Tougher Methane Regulations: A Solution In Search Of A Problem
Bernard Weinstein, an economist and associate director of SMU's Maguire Energy Institute, says new federal methane regulations will do little or nothing to affect the environment.
Contrary to his “all of the above” energy strategy announced several years ago, President Barack Obama has now jumped on the “keep it in the ground” bandwagon that is currently being voiced by most of his environmental constituency. In recent months he has vetoed the Keystone Pipeline, put limits on coal development on federally-owned land and yanked the Atlantic offshore leasing program — all in the name of combating climate change.
Then several weeks ago, the administration declared it would soon push regulations to control methane emissions from the oil and gas industry for the first time. As a follow-up, the Environmental Protection Agency (EPA) has initiated a formal process requiring energy companies to provide information on methane releases from oil and gas drilling, transmission, processing and storage. These new regulations are on top of a recent EPA rule that requires producers to upgrade equipment and reduce methane leaks on new and modified wells.
Even though methane accounts for less than 10% of greenhouse gas emissions (GHGs) in the U.S., the White House justifies its new regulations by arguing that methane traps 50 to 75 times as much heat as carbon dioxide in the atmosphere over a 20-year period, thereby contributing significantly to human-induced global warming. This may be the case. But “declaring war” on energy-related methane releases will do little or nothing to reduce overall greenhouse gas emissions.
In the first place, methane releases from the oil and gas industry represent only about 3.4% of all U.S.-emitted greenhouse gases, which in total are lower today than they were 20 years ago. Furthermore, the oil and gas industry and the states have already taken steps to significantly reduce releases at well sites, as evidenced by the fact that total U.S. methane emissions have dropped 15% since 1990, even as natural gas production, of which methane is the principal component, has nearly doubled.
Globally, methane emissions are increasing. But a just-released study by the National Oceanic and Atmospheric Administration (NOAA) finds that “the U.S. energy industry contributes little to the overall burden of global fossil fuel emissions.” Rather, according to NOAA, wetlands and agriculture are the culprits.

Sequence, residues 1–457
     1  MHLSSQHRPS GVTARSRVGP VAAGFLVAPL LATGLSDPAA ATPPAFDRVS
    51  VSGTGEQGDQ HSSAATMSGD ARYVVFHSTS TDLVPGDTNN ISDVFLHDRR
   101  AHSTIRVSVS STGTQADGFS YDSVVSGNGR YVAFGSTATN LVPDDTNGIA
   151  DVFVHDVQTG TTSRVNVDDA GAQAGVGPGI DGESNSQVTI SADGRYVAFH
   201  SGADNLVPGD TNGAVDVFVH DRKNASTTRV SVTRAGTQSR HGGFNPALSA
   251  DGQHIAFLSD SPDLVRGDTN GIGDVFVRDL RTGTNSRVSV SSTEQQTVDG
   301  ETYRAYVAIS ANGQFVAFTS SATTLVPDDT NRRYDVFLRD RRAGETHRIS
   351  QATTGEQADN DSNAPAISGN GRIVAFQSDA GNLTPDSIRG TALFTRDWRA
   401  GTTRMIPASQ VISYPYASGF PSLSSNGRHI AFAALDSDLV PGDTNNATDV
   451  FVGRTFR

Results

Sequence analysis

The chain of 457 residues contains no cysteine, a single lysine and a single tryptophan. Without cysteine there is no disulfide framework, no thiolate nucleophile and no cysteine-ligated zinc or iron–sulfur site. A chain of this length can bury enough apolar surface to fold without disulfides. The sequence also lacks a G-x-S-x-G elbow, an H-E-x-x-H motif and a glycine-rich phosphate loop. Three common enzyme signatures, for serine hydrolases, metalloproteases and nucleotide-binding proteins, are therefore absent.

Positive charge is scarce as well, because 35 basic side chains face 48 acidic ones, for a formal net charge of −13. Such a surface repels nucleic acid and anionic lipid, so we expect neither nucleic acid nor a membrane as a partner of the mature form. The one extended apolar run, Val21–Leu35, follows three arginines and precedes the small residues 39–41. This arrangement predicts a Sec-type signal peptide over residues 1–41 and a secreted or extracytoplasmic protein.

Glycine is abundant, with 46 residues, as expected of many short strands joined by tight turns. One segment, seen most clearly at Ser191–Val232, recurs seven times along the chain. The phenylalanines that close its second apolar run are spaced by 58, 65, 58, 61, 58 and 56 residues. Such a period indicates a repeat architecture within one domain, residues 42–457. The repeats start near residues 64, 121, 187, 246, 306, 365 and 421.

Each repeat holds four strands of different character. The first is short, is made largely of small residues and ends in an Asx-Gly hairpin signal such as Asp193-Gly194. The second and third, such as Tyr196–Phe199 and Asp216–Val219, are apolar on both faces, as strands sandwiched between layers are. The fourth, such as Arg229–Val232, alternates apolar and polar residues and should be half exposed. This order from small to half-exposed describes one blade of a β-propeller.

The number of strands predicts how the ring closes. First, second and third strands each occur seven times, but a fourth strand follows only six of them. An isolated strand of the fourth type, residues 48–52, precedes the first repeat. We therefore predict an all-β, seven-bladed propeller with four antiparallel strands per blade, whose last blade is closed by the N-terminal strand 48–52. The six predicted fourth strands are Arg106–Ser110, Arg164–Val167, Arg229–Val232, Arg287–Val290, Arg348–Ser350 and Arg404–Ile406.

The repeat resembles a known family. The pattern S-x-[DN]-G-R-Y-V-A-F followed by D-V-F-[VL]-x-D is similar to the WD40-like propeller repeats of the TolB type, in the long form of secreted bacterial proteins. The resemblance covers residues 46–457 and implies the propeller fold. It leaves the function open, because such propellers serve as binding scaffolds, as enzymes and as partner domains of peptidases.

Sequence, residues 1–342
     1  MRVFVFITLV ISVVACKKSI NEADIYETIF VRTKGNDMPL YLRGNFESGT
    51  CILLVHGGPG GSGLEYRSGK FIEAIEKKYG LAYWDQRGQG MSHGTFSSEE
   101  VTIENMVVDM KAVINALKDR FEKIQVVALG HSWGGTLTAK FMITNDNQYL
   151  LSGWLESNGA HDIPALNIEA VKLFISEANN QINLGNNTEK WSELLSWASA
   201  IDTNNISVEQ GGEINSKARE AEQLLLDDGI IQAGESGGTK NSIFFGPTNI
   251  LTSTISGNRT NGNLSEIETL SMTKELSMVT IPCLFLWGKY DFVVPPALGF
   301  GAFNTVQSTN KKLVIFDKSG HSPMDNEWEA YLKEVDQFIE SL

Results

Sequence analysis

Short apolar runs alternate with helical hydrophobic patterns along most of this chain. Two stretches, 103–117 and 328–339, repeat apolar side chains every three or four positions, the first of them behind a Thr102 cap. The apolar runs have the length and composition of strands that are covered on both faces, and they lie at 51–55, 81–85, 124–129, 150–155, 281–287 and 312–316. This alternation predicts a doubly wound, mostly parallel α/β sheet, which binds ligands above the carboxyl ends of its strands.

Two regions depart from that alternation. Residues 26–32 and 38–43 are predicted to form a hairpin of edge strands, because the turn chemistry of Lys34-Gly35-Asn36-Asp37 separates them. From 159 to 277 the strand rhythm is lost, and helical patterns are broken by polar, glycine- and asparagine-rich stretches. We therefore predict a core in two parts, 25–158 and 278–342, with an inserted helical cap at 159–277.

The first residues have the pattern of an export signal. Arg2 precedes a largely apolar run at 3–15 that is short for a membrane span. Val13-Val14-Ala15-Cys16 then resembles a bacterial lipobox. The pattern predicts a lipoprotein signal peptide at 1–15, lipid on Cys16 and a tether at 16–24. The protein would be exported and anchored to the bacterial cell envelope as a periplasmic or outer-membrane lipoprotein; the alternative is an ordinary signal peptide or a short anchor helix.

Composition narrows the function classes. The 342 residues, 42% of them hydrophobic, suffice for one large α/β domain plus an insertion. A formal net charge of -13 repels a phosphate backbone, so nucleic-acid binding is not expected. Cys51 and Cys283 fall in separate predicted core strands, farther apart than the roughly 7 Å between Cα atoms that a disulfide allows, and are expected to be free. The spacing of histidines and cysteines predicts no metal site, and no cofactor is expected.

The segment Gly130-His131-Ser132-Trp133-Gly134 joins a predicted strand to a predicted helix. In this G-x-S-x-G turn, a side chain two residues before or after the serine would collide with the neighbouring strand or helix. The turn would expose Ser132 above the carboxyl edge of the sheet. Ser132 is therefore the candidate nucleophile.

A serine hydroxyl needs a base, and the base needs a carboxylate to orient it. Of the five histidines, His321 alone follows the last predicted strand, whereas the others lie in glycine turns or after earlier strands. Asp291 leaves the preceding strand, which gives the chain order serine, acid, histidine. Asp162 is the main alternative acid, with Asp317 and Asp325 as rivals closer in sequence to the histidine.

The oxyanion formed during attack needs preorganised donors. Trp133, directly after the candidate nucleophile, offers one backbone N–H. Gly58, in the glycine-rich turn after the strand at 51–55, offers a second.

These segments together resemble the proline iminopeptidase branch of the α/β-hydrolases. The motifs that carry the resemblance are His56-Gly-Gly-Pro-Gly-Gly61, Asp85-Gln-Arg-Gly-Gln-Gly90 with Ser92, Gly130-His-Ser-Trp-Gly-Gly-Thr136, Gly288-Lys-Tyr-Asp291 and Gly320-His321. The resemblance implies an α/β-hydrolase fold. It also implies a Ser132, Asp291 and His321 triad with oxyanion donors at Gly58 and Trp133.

Studies by National Economic Research Associates (NERA) and other energy researchers are challenging assertions by the EPA that reducing methane leaks 45% by 2025, which is the current proposal, will benefit the climate to the same degree as shuttering one-third of the world’s coal-fired power plants. NERA concludes that the alleged benefits of its methane rules are “highly uncertain and very likely overstated,” while an analysis by Energy in Depth finds that the rule would reduce global warming by a mere 0.004 degrees Celsius. Put differently, we could shut-in all American oil and gas production, and the impact on climate change would be virtually zero.
Regulation is never cost-free, and the new methane rules are no exception. With oil and gas prices at 10-year lows, producers and service companies laying off tens of thousands of workers, and bankruptcies rising, does it make sense to increase the cost of staying in business?
What’s more, the huge increase in America’s natural gas production over the past decade has actually been a net-plus for the environment. For example, the Intergovernmental Panel on Climate Change recently observed that an “increased and diversified gas supply is an important reason for a reduction of GHG emissions in the United States,” while the International Energy Agency (IEA) has observed that natural gas is a “valuable component of a gradually decarbonizing electricity and energy system.”
If its goal is to fight global warming, the administration is beating the wrong horse with its new methane reduction rules. More importantly, energy policies and regulations should not be driven by environmental alarmists, which is clearly the case today, but rather by sound science and careful cost-benefit assessments.